“We Are Spiritually Anemic”: Why Abandoning Sacramental Life is the Root of All Problems in the Church | ChurchPOP
“The more comfortable we become with sin, the more uncomfortable we become with grace.”
Oh, this is gold. Pure gold. Christ in action, through his brother priests. Thank you, Dominicans, for upholding the charity of our beloved faith!
Time to Get Serious About Fatima | The Divine Mercy Message from the Marians of the Immaculate Conception
They’re not wrong…
Pray more. Right now.
Well said, Bishops Seitz.
Excerpt from this amazing article:
In other words, when most people hear the word “love,” they no longer think of this:
Instead, they think of this:
And that’s a problem.
Because when we value most what we should value most, that right ordering has a trickle-down effect, illuminating how we see and go about everything else. When we value the wrong thing most, however, the same trickle-down effect occurs, only it brings darkness not illumination.
This is true in business. A businessmen who values profit over serving the common good, respecting his employees, or making a good product, is far more likely to sacrifice integrity, honesty, and quality. Because he values the wrong thing most, he’s more prone to failing at everything else.
The same is true in love.
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Credit to Catholic Memes; click the picture to see their facebook site.
This was the news story I woke up to this morning about the resignation.
I must admit, I am still in quite a bit of shock over this one. I don’t think it’s fully sunk in, but from what I understand, I take away these main points:
1) This has not happened for about 600 years. Take a moment and let that sit. Since 1415, no Pope has resigned. Many have tried since, but this is the first full papal resignation in just about 600 years. Wow.
2) What a humble gesture of leadership. To recognize the limitations of one’s own capabilities, and abdicate in favor of someone who is capable of performing required duties. With the limitation of travel being placed on him, the Pope saw himself as unable to minister to his global flock anymore. True, true humility. What other world leader would do this?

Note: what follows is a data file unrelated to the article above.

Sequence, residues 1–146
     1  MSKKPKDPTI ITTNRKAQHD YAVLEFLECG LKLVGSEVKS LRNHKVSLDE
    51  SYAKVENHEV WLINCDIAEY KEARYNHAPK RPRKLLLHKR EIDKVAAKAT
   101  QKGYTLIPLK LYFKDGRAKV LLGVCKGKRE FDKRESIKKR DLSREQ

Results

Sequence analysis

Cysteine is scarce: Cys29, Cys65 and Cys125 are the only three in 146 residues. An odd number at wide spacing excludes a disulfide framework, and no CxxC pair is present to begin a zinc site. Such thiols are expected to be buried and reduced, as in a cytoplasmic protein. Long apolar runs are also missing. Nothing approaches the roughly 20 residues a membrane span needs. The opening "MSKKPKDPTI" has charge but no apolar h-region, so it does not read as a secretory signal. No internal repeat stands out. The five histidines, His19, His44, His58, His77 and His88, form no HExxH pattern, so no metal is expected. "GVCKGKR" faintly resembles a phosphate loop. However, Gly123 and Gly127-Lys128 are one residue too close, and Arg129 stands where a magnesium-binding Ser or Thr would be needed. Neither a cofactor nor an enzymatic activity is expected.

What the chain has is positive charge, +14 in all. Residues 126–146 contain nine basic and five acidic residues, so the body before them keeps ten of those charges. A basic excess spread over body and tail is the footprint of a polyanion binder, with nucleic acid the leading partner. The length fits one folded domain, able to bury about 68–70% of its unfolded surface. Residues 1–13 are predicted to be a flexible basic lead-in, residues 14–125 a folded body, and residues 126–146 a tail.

3) This is an exciting time to be a Catholic. It may be a bit frightening, but remember that the fate of this upcoming conclave is not in the hands of men. It is under the direct guidance of the Holy Spirit; we must just continue to pray and unite our sufferings that Christ sees fit to bestow His mercy on His church on earth. Our coming leader will reflect some quality of Christ which the world needs to reflect on in great detail.
4) For the most prominent Catholic leadership figure to resign with such significant timing, just before the Catholic Lenten season begins on Wednesday, indicates the severity of his claims. This was not thought of lightly. Arguably, Lent (and/or Advent) is one of (if not the) most important season of our faith. A time of renewal and transformation, this Lenten journey will be particularly poignant for the Church as a whole. Together we are united in the unknown, and together we seek the clarity of Christ’s will for us as His flock.
5) Beyond all else, pray for our Pope Benedict. Pray for his health, for his soul, for his effect on the world, that those who will gain something from this will gain something positive, and that those who are troubled by it will come to find peace in the turbulence that will undoubtedly follow. Pray that his example means something to this world. Pray for our future leader, that he will be guided by Christ in thought word and deed. Pray that he will be able to shoulder the burden that is this temporal world, and perform his vocation of service with love and compassion.
What an exciting time to be Catholic.
Viva il Papa.